State of Origin came early this year at Hordern Pavilion with the AWS Summit. For DiUS it’s where we learn, present and mingle with clients past, present and future. Despite some heavy rain floating in and bringing nature’s own version of the Cloud, this year was no different. A strong turnout braved the conditions to make this one of the must attend events of the geek calendar. The big themes this year were Enterprise Cloud and Big Data, with a few amuse bouches of Lambda and Docker for good measure. And for football fans a special guest appearance from Cam Smith of Melbourne Storm fame. Well sort of.
I’m currently based at Qantas and the significance of their move to AWS was reflected in their CTO, Chris Taylor being one of the speakers at the Keynote. The idea of Enterprise and the Cloud has become the norm. Chris wants a high automation, Microservices architecture and he wants it now. Such is the scale of Qantas, this was duly reported in various press outlets. No pressure there then.
My personal learning at this summit was in the Big Data space with a couple of memorable talks. First was ‘Big Data and Analytics’ by Amazon’s Russell Nash. My understanding of this subject could be at best called ‘Little Data.’ But I was treated to a fascinating walkthrough of the ingest, storage, processing and analysis of a data loop. And then how AWS could help achieve these goals. What the heck is Kinesis anyway? Should you use Redshift, HBase and or S3 as your data warehouse? Mahout or AWS’s new Machine Learning Service? Want to know what Amazon MapReduce can do for you? It was all there. I must admit some of the buzzwords were a little daunting for me but I felt by the end of it I’d moved onto ‘not quite so insignificant data.’
Drinking from the fire hose: the jump to real-time analytics
Following on from this was an applied use case of Big Data. DiUS’s very own Cam Smith presented on the work he was undertaking in partnership with Vix Technologies to bring real-time analytics to football. There was some beautiful irony that the use case for this was Melbourne Storm, who are captained by his namesake. He walked through how they plan to use technologies like Kinesis and Redshift to capture data about the whole fan match day experience; from the time a fan leaves home, boards a train, passes through the turnstiles, to when they take a seat in the stadium – and then using this data to provide fascinating insights for clubs. It was a great application of these technologies for a real outcome. Even our UX department scored a winning ‘try’ representing those insights with some awesome stadium visuals! But the biggest takeaway for me was Cam has my dream job – he tells people where to get a beer after their team has scored. If he wasn’t so utterly likeable, I could really hate him.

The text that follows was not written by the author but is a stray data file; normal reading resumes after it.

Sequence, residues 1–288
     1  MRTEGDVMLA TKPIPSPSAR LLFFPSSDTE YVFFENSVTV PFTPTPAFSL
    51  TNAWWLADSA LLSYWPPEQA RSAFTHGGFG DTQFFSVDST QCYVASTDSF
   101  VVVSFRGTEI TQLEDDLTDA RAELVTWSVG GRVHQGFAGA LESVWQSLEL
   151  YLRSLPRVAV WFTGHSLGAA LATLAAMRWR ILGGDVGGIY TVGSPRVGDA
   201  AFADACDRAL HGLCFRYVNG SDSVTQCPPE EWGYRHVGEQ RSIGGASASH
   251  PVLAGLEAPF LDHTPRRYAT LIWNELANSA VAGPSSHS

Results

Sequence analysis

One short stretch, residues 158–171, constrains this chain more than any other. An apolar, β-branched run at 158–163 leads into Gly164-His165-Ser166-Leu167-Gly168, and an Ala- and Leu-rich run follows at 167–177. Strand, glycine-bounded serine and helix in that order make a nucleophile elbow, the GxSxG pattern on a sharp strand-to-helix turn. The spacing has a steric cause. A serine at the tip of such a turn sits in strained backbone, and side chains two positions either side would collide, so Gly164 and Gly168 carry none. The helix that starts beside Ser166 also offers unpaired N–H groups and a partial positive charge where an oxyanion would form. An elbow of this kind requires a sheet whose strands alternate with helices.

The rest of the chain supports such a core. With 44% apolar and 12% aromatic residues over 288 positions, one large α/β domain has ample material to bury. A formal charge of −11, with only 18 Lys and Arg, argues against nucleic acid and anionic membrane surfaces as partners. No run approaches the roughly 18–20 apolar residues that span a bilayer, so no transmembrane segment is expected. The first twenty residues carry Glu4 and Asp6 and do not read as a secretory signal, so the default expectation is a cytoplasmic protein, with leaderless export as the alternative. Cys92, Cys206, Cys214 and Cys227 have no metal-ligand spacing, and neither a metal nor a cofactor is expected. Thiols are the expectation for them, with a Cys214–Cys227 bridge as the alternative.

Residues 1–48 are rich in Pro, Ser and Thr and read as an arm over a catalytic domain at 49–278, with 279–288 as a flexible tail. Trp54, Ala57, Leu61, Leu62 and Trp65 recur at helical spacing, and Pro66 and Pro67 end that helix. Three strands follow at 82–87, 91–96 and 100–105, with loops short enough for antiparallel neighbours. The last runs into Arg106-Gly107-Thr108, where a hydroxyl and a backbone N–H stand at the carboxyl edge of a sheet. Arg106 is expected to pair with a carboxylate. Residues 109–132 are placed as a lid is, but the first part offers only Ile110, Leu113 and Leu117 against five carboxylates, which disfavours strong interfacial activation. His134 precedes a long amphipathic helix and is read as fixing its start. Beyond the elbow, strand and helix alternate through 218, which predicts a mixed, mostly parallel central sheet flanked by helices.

**DiUS Cloud Lead, Cam Smith presents: Drinking From the Fire Hose **
‘Wax on, wax off’: AWS Blackbelt Ninja Dojo
The next session I attended was called AWS Blackbelt Ninja Dojo presented by AWS’s Dean Samuels. It started with the intricacies of maximising your IOPs performance on the recently enlarged EBS volumes. As ever, Amazon isn’t scared to show you how to increase your return and reduce your costs. They demonstrated how to maximise your capacity or latency while sticking to your budget.
Next up was a very clever application of Lambda. Lambda allows you to run code based on certain events; it will only consume resources for the duration of that event. Dean detailed a solution whereby uploading a config file to an S3 bucket would then trigger Lambda to rebuild a CloudFormation script. By only exposing permissions to an S3 bucket we can allow developers to manage their own environments. Very elegant. Lambda really does have the potential to reshape the way we think about software and is one to watch.
The breadth of people that this summit attracts never disappoints. Overall, 2015 was (despite the weather’s best efforts) a great day to be in the Cloud.